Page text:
Thank you for writing this! I’m still a newbie, been at this less than a year, and I’ve been wondering how to make a wee bit of cash (or at the very least, support my habit!) I hadn’t even THOUGHT about security when I pondered self hosting- this is how naive I am! Thanks for sharing the wisdom 🙂

    • Kim May 29, 2013, 11:38 am

      The nice thing about the couple of ways I make money is that they’re easy (once LitBreaker was set up, I haven’t had to think about it much), and that combined they help pay for some of the costs associated with building this blog.

      If you are going to go to self-hosted, I highly recommend looking a security options (or at least taking steps to secure your blog better than I did). I didn’t think about it either and it ended up with a bit of a mess I’m still recovering from.

  • Teresa May 29, 2013, 9:26 am

    Kim, this is by far the most helpful site I’ve come across and thank you for including some real numbers. I’ve got a plan for the future of my blog and what you’ve shared here helps me to realize that I’m headed in the right direction.

    • Kim May 29, 2013, 11:37 am

      Thanks Teresa! If you have any questions, feel free to e-mail. I’m not an expert and, in fact, most of my blog “development” has come a bit my chance, but I can at least share what I’ve learned.

  • tanya May 29, 2013, 11:29 am

    Thank you so much for breaking down how much money you make from your blog. it’s not a lot, but as an outsider it is nice to see where you get your money from and how it works.


    • Kim May 29, 2013, 11:36 am

      Thanks Tanya. I was a little nervous to post it, actually, since at points in the past there’s been some backlash when bloggers talk about money (people should only be doing it for the love of blogging and whatnot). But I think it’s important to talk about, so I’m glad sharing about it was helpful.

  • Carrie @wvredreads May 29, 2013, 11:46 am

    I know what you mean about being nervous it seems like money is the root of all evil blogging. I look the fact that you found a source of lit ads though. I would seriously consider a focused ad system like that.

    • Kim May 29, 2013, 7:47 pm

      I don’t think talk about money is quite as taboo as it used to be, but I think there can sometimes be some bad feelings when money comes up. I don’t think it has to be that way, but I get people’s concerns too.

  • Andi @ Estella's Revenge May 29, 2013, 1:19 pm

    Thanks for this, Kim! Love your forthrightness in demystifying.

    • Kim May 29, 2013, 7:47 pm

      Thanks Andi!

  • Tanya Patrice May 29, 2013, 1:38 pm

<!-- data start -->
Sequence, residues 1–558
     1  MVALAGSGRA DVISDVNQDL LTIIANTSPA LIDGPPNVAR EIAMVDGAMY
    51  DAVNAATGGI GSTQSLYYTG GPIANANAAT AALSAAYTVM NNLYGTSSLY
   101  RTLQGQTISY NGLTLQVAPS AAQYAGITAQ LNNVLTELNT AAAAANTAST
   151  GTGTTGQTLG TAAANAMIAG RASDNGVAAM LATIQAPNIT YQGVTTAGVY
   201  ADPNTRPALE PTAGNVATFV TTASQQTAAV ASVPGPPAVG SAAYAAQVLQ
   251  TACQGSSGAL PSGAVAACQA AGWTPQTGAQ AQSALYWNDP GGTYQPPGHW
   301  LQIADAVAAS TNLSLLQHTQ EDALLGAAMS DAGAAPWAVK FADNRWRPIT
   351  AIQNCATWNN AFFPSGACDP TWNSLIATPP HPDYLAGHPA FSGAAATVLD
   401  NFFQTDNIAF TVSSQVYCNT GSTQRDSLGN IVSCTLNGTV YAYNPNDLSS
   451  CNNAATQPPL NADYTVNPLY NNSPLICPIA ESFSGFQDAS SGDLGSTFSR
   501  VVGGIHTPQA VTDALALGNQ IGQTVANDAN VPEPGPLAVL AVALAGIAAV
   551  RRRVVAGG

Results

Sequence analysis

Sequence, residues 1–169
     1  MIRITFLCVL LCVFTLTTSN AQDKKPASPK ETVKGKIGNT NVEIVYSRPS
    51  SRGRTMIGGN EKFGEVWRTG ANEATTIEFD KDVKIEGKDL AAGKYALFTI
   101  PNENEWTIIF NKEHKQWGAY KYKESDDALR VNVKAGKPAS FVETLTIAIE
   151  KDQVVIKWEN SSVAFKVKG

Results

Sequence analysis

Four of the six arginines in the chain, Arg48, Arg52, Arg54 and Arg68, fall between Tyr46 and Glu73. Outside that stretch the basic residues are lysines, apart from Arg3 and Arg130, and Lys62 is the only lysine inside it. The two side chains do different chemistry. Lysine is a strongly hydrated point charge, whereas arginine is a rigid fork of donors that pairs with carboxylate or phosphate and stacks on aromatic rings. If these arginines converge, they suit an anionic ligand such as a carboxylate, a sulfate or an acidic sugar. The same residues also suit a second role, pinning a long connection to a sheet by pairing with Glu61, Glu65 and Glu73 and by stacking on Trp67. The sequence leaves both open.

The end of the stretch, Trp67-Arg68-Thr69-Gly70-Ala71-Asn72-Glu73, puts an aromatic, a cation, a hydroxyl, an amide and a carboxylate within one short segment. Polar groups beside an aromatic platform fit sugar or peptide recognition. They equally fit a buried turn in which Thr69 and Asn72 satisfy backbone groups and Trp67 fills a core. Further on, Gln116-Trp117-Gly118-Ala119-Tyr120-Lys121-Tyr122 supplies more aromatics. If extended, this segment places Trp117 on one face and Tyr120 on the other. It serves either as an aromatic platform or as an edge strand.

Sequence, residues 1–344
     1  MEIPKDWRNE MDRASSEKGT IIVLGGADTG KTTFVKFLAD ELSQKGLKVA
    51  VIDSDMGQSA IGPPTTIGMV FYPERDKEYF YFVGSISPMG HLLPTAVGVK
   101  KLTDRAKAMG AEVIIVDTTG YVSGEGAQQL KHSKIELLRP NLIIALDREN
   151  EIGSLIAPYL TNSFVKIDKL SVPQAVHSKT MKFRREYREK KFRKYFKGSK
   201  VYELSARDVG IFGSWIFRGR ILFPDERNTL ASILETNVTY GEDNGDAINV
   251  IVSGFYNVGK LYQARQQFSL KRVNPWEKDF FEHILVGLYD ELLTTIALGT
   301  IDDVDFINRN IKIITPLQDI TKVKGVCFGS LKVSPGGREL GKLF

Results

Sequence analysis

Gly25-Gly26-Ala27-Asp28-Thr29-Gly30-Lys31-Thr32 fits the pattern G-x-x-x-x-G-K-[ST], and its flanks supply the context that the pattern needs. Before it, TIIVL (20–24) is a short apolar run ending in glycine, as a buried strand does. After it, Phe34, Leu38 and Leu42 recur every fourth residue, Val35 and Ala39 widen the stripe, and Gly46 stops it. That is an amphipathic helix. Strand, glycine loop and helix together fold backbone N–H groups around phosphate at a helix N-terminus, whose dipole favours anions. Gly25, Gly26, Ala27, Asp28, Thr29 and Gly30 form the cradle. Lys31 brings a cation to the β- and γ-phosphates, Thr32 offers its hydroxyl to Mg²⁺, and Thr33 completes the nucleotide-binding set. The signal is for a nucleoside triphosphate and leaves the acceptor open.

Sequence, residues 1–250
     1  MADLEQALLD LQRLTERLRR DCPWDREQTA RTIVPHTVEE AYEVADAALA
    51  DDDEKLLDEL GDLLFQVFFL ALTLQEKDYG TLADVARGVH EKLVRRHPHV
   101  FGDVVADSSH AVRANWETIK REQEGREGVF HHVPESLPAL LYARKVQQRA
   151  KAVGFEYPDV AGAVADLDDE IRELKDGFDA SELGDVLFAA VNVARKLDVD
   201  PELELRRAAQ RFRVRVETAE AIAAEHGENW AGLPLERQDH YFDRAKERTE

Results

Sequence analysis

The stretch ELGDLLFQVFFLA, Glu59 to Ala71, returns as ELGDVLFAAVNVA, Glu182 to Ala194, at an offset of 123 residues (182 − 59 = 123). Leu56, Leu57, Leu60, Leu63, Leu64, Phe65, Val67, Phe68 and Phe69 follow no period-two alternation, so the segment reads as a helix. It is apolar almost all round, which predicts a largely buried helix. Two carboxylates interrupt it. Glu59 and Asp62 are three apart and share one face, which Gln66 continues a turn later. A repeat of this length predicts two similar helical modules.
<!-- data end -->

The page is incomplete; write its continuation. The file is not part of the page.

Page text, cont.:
Excellent post! Thanks for sharing actual numbers, and the tip about the hacking. I’ve had 2 attacks on this blog so far this year, but thankfully, they didn’t get through.

    • Kim May 29, 2013, 7:48 pm

      I never in a million years would have thought my blog would get hacked — it seems so small, comparatively speaking. But I think it can happen to anyone, so it’s good to be aware and be careful.

  • Athira May 29, 2013, 5:12 pm

    Thanks for this post. Although I may not make the leap to monetizing my blog yet, I have been curious for a while on how all it can be done.

    • Kim May 29, 2013, 7:48 pm

      There are lots of ways, I think. I didn’t really seek out advertising, but when a trusted source recommended LitBreaker it seemed like a good deal to me.

  • michelle birbeck May 29, 2013, 5:20 pm

    I’ve never thought of making money off my blog, but I am still new to blogging where books are concerned. It is certainly something to think about!

    • Kim May 29, 2013, 7:49 pm

      I wouldn’t have thought of it either. It took about three or four years before it seemed feasible and possible. Blogging still isn’t about the money, obviously, but it’s nice to have.

  • Julie S. May 29, 2013, 8:52 pm

    Thank you so much for posting this information. I hope to someday have our new blog on a non-free site and look into earning some money to help pay for that so this post is most useful 🙂

    • Kim May 30, 2013, 7:55 pm

      Good luck!

  • Emma @ Words And Peace May 29, 2013, 8:59 pm

    thanks for being clear and specific, money wise. I checked Litbreaker as well. Will need to grow more, maybe a couple of years, to reach 10,000 views/month to be eligible.
    and many more Armchair BEA type events, lol!

    • Kim May 30, 2013, 7:56 pm